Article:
Catholic Encyclopedia (1913)/Libera Nos

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The first words of the Embolism of the Lord's Prayer in the Roman Rite. Most liturgies contain a prayer developing the idea of the last clause of the Our Father (But deliver us from evil), and specifying various evils from which we pray to be delivered. This prayer, which always follows the Our Father immediately, is called its Embolism (embolismos, insertion). In many rites (Antiochene, Alexandrine, Nestorian) it is rather of the nature of an insertion into the Our Father, repeating again and enlarging on its last clauses (e.g. the Antiochene Embolism: "And lead us not into temptation, O Lord, Lord of Hosts Who knowest our weakness, but deliver us from the evil one, and from his works and all his might and art, for the sake of Thy Holy Name invoked upon our lowliness"). The Roman Embolism is said secretly by the celebrant as soon as he has added Amen to the last clause of the "Pater noster" sung by the choir (or said by the server). In the middle (after omnibus sanctis) he makes the sign of the cross with the paten and kisses it. During the last clause (Per eundem Dominum nostrum . . .) he puts the paten under the Host, he (at high Mass the deacon) uncovers the chalice, genuflects, breaks the Host over the chalice, puts a small fraction into the chalice and the rest on the paten. This rite is the Fraction common to all liturgies. The last words (Per omnia sæcula sæculorum) are sung (or said) aloud, forming the Ecphonesis before the Pax). Only on Good Friday does he sing it aloud, to the tone of a ferial Collect, and the choir answers Amen. In this case the Fraction does not take place till the Embolism is finished. In the Milanese and Mozarabic Rites he sings it, and the choir answers Amen. For the Gallican Embolism (of Germanus of Paris, d. 576) see Duchesne, "Origines du Culte chretien (Paris, 1898), 211. The present Milanese form is very similar to that of Rome. It will be found with its chant in any edition of the Ambrosian Missal. The Mozarabic Embolism with its chant is in the "Missale Mistum" (P.L. LXXXV, 559-60). In both rites the Fraction has preceded the Lord's Prayer. The Embolisms of the Eastern rites are given in Brightman, "Eastern Liturgies", (Oxford, 1896), namely: Antiochene, 60, 100; Alexandrian, 136, 182; Nestorian, 296; Armenian, 446. In all these the Embolism is said secretly, with the last words aloud (Ecphonesis); the people answer Amen. The Byzantine Rite has no Embolism of the Lord's Prayer, but only the final clause: "For Thine is the kingdom and the power and the glory, of the Father and the Son and the Holy Ghost, now and for ever and for ages of ages. R. Amen" (ibid., 392 and 410). That it once had this prayer, like the parent Rite of Antioch, seems certain from the fact that there is an Embolism in the Nestorian and Armenian Liturgies, both derived at an early date from Constantinople.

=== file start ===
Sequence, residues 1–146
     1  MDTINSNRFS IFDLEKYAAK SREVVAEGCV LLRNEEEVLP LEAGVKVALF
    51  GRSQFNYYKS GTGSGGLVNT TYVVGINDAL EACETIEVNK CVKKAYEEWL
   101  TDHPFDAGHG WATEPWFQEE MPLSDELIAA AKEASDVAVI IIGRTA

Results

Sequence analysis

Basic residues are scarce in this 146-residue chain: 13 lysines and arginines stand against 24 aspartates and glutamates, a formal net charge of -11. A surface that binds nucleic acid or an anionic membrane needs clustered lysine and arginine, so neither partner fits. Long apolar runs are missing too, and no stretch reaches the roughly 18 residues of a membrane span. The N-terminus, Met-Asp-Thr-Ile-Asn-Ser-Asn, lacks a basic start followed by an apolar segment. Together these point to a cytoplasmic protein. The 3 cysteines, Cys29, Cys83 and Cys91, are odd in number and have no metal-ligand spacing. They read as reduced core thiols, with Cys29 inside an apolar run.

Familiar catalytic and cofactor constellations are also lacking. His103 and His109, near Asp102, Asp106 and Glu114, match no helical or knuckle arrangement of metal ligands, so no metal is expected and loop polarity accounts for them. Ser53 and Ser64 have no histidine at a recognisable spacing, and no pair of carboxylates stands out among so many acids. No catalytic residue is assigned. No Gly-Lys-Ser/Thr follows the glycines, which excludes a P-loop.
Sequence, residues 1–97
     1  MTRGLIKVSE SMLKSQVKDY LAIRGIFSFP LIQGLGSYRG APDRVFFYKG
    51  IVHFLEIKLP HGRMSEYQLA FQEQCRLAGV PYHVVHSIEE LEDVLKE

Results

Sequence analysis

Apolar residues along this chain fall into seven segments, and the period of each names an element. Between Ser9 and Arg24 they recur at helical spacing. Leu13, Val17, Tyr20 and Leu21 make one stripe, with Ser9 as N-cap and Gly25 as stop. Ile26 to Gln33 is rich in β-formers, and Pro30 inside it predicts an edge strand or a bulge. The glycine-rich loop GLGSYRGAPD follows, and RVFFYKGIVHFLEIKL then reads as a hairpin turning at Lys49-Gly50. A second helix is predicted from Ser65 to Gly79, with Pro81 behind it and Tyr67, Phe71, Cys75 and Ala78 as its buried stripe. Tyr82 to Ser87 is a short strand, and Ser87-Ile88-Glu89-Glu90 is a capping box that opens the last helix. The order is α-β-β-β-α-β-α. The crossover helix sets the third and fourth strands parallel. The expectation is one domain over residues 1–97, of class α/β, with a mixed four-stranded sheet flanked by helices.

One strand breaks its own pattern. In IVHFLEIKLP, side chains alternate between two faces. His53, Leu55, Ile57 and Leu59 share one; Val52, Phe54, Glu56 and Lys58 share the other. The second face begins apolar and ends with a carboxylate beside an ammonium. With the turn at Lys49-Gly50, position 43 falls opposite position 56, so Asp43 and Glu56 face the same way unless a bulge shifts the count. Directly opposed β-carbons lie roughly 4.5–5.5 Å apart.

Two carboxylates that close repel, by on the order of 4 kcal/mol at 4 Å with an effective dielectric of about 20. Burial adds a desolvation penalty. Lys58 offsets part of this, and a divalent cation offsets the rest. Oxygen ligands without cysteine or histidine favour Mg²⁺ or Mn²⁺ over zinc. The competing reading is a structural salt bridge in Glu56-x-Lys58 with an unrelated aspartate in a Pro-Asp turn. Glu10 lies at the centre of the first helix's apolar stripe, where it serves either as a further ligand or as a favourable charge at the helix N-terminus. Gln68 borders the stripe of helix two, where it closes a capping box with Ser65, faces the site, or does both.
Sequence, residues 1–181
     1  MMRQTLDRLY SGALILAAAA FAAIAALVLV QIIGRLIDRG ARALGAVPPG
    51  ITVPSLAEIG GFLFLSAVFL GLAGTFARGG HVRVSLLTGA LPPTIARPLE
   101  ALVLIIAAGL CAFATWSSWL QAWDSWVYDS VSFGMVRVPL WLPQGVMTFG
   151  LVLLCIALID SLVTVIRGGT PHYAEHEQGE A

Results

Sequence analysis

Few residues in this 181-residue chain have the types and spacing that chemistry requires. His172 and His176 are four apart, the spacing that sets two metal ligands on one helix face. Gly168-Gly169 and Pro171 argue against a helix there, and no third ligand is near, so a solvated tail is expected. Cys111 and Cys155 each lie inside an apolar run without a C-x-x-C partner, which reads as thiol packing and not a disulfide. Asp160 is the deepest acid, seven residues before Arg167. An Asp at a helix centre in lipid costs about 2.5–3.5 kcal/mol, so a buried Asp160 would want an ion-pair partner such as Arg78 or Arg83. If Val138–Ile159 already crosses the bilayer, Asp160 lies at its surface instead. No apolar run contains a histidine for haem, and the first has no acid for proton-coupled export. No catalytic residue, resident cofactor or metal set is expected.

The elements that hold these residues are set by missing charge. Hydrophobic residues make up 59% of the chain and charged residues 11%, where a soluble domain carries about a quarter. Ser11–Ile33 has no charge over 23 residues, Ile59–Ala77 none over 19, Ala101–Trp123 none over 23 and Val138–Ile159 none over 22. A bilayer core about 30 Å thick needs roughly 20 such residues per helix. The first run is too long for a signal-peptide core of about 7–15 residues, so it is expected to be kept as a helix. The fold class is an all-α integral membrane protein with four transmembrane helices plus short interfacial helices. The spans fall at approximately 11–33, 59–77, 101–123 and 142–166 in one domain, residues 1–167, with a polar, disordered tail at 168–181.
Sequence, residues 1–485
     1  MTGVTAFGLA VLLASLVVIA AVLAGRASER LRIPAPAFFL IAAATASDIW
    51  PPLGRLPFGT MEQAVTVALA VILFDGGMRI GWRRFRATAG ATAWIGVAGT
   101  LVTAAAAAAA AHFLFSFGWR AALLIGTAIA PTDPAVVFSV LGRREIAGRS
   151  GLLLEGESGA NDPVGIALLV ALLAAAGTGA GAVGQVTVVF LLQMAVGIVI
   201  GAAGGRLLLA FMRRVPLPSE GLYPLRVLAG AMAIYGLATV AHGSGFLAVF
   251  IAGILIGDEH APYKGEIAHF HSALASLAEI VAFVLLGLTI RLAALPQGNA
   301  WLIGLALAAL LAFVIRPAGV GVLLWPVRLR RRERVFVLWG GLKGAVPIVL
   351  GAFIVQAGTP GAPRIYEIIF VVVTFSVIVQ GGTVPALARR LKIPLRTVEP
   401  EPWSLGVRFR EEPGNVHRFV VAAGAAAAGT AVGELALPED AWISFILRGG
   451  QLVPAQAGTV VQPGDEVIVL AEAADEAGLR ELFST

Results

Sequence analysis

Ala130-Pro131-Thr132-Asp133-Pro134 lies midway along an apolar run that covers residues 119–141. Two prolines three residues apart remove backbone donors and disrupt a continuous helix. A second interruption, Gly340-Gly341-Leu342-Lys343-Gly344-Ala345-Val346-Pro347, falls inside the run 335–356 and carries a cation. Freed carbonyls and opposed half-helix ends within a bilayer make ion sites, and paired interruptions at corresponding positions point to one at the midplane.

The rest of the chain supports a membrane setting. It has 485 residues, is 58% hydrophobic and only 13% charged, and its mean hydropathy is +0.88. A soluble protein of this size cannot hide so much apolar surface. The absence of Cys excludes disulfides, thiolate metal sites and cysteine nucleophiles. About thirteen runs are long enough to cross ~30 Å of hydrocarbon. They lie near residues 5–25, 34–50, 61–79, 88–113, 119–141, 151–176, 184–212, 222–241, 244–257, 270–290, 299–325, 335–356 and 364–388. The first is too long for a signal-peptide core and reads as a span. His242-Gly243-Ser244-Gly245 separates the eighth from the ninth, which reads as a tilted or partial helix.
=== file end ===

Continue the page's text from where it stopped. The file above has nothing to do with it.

ADRIAN FORTESCUE